April 23, 2019



                                A Current Look at the Colorado Springs Residential real estate Market

As part of my Unique Brand of Personal Service, it is my desire to share current real estate issues that will help to make you a more successful and profitable buyer or seller.


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It’s been a wild couple of weeks in local residential real estate. The spring buying season is in full swing, but unfortunately for buyers…there just aren’t a lot of homes for sale. This isn’t just a local problem, as the sale of existing homes nationally fell 4.9% in March even with the low interest rates and booming job market and economy.  

According to Lawrence Yun, NAR chief economist, “It is not surprising to see a retreat after a powerful surge in sales the prior month. Still, current sales activity is underperforming in relation to the strength in the job markets.  The impact of lower mortgage rates has not yet been fully realized.”

On the other hand, home appreciation locally is good,with the average price increase greater than 3 percent and the median price increase greater than 5 percent, based on year-over-year numbers. When you compare that to the price increases nationally you can begin to understand that the Colorado Springs housing market is performing considerably better.  Colorado Springs is ranked #28 out of 178 Metropolitan Statistical Areas in terms of appreciation.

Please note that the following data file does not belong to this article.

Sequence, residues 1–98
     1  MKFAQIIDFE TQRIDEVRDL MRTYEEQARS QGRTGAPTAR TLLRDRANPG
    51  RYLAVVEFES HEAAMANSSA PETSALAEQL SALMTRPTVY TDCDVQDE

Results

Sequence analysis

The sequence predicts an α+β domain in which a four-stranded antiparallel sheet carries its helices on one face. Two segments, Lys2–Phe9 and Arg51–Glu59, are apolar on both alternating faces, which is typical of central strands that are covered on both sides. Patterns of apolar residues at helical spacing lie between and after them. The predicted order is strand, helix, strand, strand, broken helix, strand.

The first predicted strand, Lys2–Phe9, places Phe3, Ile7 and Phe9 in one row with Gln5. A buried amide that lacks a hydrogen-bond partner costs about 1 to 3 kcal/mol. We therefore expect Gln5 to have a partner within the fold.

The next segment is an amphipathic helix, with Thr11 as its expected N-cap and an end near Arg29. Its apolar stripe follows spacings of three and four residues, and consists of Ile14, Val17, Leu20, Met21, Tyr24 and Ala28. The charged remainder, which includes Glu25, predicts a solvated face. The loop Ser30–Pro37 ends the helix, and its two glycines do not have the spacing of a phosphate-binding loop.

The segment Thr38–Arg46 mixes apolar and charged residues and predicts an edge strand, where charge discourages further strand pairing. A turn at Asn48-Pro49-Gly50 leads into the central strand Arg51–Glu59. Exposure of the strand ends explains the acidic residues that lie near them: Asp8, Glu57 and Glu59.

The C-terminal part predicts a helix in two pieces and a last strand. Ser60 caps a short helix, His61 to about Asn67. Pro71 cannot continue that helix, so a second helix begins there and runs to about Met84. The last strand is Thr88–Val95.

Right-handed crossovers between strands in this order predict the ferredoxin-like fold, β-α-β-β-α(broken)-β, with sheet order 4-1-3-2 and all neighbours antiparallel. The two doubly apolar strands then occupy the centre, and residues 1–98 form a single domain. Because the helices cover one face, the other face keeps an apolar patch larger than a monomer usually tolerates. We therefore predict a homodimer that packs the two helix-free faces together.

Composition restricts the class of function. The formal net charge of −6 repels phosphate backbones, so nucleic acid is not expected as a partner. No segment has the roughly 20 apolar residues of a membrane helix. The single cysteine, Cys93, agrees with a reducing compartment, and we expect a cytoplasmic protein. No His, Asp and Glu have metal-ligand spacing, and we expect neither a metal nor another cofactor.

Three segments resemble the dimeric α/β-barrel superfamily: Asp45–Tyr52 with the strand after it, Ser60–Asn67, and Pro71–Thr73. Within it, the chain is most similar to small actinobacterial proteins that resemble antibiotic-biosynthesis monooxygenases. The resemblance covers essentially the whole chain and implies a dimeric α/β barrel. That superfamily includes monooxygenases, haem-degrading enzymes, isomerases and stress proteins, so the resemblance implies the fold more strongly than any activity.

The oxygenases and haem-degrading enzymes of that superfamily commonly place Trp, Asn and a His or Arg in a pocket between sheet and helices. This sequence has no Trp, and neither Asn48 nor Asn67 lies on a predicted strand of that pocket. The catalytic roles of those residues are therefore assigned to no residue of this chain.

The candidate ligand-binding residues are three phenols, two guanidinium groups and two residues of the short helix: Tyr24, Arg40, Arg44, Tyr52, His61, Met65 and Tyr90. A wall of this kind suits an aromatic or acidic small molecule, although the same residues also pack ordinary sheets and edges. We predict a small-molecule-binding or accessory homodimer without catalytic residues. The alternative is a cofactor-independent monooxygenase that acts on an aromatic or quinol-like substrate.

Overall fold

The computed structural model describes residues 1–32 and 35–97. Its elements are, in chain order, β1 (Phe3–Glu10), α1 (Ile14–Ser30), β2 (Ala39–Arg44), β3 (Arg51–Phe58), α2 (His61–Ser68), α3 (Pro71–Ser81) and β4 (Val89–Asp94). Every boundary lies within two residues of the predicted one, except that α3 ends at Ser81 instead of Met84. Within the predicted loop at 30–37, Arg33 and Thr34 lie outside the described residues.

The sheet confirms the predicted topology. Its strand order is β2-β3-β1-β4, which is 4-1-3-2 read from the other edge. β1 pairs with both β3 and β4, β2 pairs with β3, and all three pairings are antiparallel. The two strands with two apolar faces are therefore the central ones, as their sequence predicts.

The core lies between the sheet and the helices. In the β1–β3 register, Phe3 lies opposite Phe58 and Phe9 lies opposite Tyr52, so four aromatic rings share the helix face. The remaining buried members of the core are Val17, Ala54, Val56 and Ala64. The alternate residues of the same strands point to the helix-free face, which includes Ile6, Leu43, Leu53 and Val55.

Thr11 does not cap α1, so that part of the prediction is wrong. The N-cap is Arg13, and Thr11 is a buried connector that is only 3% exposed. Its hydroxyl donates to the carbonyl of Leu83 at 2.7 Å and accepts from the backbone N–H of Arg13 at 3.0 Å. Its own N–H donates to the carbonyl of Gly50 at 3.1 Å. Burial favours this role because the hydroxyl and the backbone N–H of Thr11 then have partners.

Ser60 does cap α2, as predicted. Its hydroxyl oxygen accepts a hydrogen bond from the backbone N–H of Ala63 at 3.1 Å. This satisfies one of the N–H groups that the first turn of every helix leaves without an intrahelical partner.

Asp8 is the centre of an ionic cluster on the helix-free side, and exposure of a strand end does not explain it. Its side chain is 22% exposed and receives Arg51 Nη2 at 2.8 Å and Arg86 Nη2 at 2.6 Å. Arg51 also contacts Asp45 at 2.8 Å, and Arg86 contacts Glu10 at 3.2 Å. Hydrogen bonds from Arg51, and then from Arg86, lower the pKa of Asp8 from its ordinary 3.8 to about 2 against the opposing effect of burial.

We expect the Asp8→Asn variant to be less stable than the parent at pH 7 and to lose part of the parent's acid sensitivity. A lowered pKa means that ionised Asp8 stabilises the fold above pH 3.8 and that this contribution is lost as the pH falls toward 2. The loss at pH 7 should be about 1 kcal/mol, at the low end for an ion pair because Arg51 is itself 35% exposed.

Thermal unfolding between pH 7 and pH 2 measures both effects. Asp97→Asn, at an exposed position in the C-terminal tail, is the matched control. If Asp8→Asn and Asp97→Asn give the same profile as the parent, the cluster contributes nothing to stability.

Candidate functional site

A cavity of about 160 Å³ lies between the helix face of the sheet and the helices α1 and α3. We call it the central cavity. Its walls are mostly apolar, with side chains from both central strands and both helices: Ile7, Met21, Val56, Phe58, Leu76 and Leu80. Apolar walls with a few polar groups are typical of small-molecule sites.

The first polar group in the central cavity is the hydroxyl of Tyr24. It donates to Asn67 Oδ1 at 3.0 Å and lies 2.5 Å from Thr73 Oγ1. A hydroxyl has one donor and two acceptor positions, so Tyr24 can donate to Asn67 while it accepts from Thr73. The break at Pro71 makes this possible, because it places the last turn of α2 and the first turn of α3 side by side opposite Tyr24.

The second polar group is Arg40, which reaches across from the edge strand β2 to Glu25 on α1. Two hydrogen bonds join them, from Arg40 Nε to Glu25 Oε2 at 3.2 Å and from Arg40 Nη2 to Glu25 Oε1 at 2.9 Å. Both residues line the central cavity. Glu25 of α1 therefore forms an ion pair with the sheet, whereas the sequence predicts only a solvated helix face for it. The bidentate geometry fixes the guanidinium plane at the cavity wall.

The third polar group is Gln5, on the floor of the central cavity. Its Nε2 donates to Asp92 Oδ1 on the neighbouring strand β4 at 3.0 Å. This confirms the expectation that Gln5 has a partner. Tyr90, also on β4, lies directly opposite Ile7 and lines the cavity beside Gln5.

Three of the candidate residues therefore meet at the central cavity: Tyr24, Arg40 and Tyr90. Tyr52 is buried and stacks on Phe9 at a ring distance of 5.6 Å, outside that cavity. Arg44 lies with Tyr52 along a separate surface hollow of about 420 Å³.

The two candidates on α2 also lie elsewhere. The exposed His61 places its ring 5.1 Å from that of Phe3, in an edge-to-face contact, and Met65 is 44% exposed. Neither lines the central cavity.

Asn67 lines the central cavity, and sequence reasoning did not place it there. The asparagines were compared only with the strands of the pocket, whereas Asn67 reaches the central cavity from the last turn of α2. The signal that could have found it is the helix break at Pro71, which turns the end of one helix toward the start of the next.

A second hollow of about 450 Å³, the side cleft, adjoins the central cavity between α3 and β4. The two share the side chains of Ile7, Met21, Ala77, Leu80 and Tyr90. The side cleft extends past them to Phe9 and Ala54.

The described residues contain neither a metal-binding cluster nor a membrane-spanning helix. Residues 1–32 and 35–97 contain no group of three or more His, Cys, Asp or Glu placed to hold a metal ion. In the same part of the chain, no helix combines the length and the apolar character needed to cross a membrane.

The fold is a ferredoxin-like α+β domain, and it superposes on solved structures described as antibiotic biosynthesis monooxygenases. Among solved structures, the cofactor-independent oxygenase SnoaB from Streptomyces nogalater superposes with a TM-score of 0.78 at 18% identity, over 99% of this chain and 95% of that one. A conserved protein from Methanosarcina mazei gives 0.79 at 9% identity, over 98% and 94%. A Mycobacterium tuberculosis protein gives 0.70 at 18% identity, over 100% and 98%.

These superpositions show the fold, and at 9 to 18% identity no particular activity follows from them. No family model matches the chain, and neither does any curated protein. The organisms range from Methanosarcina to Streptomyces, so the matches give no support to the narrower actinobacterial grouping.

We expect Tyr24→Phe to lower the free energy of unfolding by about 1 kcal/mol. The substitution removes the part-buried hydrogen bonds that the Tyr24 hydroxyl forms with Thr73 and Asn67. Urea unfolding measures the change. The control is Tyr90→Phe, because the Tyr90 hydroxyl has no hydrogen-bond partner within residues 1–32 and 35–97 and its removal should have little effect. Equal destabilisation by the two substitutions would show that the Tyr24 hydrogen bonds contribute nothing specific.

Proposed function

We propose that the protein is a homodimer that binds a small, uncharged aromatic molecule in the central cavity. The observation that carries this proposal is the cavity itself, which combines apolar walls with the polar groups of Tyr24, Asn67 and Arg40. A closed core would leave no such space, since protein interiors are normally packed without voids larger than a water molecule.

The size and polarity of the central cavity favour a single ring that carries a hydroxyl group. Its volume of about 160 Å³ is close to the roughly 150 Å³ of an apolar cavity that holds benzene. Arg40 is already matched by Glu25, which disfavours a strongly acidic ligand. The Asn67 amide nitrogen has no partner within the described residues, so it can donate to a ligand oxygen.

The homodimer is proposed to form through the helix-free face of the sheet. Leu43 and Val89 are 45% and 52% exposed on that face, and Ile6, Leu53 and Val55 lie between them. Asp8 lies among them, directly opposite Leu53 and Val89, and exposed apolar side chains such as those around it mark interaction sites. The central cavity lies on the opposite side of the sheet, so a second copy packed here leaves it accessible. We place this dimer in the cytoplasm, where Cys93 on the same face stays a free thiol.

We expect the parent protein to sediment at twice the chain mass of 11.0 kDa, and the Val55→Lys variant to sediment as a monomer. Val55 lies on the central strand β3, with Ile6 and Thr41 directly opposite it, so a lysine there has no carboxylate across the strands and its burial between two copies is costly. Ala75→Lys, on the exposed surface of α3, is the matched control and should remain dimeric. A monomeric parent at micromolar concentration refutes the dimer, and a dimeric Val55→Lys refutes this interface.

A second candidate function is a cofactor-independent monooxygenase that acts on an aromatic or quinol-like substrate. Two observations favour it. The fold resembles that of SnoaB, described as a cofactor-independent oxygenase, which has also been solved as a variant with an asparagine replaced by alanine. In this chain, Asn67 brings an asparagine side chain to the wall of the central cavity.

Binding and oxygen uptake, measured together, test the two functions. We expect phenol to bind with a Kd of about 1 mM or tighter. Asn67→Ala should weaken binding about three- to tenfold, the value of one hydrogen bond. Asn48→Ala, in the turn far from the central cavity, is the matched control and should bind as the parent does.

Our relative strength is one good reason to be looking to buy-- either to sell and trade up or for first time or investment purposes.  And herein lies the problem.  The shortage of listings is making home purchases tougher than usual.  There are homes available, but you may not get your first or sometimes even second choice. You have to be vigilant in your search and jump right in when you find what you are looking for.  There’s no time to waste in making an offer, so you have to do your homework beforehand to know what you want, need and can afford. 

Let me tell you about the last eight days in my residential real estate life.  I’ve had a number of folks looking to buy, both for primary homes and for investment property.  The shortage of listings has made it very difficult.